The Cultural Protection Fund

In partnership with the Department for Culture Media and Sport, the British Council has launched a new £30 million fund to help to create sustainable opportunities for economic and social development through building capacity to foster, safeguard and promote cultural heritage affected by conflict overseas.

The Fund aims to protect and preserve physical monuments and religious sites, as well as ‘intangible’ heritage: inherited traditions, beliefs and cultural identity, passed down through generations – all of which have been increasingly under threat in the Middle East and North Africa as Daesh have gained power in the region.

The EAMENA project has been awarded £1,615,025 from the Cultural Protection Fund for Training in Endangered Archaeology Methodology with Middle East and North African Heritage Stakeholders. This is a partnership between the the Universities of Oxford, Leicester, and Durham.

This three-year project will train archaeologists from six countries in the use of an open-source aerial recording methodology, designed for conflict zones and other areas where access on the ground is restricted.


Introducing the EAMENA project to an audience in Cairo (photo: Bijan Rouhani)

Archaeologists from Jordan, Lebanon, Syria (or Iraq), Libya, Palestine, and Tunisia will be trained in the use of the EAMENA database, with the overall aim of enabling heritage professionals to better identify and assess threats to cultural heritage which has not yet been recorded.

Since the Arab Spring in 2011, and as a result of on-going conflicts, archaeological sites and landscapes in the region have come under increased threat with a break down in the authority of some local and national governments. The targeted destruction of iconic monuments by ISIS or Daesh has provoked public outrage and raised the profile of the cultural heritage. Looting, too, has had an impact on the region’s cultural heritage fuelled by the illicit trade in antiquities. There is a longer-term threat posed by the political breakdown and the eventual post-war construction boom, which could result in the wholesale redevelopment of sections of these sites. The region has also seen a huge rise in populations so the pressure for more water, food and places to live and work is causing as much damage as any other agent of destruction.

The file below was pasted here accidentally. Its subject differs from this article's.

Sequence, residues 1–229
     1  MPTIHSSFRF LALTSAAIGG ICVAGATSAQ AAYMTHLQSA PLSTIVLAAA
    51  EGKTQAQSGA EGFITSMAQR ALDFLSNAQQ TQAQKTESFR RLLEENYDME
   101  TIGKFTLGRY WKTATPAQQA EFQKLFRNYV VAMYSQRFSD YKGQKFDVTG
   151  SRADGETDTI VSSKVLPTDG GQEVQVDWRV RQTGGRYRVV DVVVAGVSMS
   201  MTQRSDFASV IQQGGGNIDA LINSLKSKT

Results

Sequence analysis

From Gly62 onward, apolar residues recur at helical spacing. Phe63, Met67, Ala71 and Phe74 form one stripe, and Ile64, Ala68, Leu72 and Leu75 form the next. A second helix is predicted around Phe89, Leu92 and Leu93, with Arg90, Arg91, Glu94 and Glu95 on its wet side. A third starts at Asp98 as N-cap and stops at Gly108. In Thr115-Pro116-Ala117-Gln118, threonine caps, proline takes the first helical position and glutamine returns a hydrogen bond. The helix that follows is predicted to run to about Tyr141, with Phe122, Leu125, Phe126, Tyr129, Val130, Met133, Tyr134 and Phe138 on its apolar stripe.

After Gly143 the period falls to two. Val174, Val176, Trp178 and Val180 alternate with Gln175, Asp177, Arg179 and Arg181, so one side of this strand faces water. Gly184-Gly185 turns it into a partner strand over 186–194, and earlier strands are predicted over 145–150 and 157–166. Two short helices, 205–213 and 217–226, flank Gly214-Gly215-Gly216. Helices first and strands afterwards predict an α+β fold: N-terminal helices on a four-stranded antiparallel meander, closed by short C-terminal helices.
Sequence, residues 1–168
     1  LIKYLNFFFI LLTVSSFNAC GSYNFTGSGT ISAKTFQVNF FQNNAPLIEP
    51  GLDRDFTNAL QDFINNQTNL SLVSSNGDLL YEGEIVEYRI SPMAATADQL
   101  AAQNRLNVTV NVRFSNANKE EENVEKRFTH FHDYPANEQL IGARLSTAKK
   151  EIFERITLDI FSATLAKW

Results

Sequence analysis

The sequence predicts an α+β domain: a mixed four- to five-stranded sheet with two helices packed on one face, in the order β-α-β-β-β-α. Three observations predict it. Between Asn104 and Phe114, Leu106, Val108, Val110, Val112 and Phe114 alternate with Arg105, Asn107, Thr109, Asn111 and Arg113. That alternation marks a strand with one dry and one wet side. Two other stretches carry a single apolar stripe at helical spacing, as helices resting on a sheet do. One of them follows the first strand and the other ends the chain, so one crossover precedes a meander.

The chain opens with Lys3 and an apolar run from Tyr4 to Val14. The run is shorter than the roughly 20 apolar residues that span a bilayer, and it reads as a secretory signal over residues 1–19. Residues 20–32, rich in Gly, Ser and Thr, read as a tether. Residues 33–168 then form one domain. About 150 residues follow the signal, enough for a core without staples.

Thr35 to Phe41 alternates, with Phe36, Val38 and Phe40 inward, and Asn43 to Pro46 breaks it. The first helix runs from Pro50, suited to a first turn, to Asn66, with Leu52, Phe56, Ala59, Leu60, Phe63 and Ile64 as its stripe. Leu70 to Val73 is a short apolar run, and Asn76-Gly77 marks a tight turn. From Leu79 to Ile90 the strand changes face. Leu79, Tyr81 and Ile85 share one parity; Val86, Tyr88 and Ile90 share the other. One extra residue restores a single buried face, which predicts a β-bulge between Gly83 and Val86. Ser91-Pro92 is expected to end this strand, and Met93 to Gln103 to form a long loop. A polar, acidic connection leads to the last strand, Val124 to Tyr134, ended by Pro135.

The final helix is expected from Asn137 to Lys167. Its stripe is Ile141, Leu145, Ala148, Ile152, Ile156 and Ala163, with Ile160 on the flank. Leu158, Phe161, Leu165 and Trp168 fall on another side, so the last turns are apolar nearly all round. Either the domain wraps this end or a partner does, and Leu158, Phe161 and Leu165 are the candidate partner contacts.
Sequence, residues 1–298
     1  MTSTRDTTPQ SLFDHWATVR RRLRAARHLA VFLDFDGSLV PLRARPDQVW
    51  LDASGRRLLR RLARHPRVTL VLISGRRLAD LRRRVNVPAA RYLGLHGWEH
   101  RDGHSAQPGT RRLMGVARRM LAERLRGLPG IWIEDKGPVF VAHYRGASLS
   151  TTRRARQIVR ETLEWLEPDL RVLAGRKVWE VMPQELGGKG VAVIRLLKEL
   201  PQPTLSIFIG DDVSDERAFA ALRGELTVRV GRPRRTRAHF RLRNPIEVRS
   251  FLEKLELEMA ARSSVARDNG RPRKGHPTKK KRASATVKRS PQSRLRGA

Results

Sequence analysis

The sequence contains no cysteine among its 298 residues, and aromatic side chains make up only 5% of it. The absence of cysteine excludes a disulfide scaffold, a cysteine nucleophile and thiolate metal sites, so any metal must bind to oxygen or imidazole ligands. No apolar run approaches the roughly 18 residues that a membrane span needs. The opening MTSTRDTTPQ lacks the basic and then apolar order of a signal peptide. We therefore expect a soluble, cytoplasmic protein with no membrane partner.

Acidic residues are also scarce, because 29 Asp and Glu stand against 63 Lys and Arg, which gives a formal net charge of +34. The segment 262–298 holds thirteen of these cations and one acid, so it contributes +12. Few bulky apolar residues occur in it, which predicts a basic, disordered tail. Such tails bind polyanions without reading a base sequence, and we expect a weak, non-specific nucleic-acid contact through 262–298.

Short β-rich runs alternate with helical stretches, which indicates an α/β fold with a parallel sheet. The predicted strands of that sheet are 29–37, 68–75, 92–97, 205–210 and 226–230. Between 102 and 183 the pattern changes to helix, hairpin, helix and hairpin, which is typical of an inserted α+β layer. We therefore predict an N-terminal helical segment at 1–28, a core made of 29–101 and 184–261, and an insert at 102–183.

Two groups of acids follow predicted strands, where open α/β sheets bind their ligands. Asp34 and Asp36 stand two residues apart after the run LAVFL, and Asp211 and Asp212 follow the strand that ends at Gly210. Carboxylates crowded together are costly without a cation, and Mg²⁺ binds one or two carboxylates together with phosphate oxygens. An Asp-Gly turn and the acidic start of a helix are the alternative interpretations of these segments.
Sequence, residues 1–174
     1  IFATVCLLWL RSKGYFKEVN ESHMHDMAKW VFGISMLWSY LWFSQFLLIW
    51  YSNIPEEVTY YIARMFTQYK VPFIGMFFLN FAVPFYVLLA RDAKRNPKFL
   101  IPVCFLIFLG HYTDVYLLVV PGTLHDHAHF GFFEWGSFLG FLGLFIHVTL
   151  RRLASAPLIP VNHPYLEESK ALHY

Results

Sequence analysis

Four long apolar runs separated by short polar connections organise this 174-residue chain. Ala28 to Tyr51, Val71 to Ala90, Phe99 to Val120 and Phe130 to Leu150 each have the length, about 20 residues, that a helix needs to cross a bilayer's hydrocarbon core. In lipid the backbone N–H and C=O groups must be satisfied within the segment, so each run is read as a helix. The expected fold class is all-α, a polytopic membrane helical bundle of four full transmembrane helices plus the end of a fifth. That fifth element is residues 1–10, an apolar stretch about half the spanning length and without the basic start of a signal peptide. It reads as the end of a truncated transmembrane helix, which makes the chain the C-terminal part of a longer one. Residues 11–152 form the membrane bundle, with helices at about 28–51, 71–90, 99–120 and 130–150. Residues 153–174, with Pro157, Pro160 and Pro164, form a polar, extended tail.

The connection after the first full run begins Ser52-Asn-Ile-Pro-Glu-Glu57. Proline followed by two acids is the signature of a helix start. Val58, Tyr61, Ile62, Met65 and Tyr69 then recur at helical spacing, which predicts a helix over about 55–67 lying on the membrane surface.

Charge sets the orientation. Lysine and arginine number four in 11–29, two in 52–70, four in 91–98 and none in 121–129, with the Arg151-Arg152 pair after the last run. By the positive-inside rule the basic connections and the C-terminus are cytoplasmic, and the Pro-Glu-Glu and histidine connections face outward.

Therefore to create an international inventory of sites that have not been recorded before is crucially important, so that knowledge and records of eroded, and in some cases completely destroyed, significant archaeological sites are maintained for future generations to use.

The EAMENA database has been developed by the Universities of Oxford, Leicester and Durham, with support from the Arcadia Fund since January 2015. The EAMENA database contains records created from the identification of archaeological sites using aerial photography, satellite imagery and ground observed information for over 150,000 sites. It the first open-access digital archaeological record for the MENA region (covering over 20 countries from Mauritania to Iran).

With support from the Cultural Protection Fund, this project will provide intensive training in EAMENA methodologies for up to 20 archaeologists in each country (120 in total) at events held in Amman, Tunis and Beirut. The training will cover:

  • the acquisition and analysis of existing satellite imagery and historic air photographs,
  • the creation of digital records of archaeological sites to improve the future management and preservation of sites,
  • developing training manuals and guidance notes for using the EAMENA database, to be translated into Arabic, as well as Kurdish and Farsi, so that data can be inputted and accessed in the future by heritage professionals in those countries.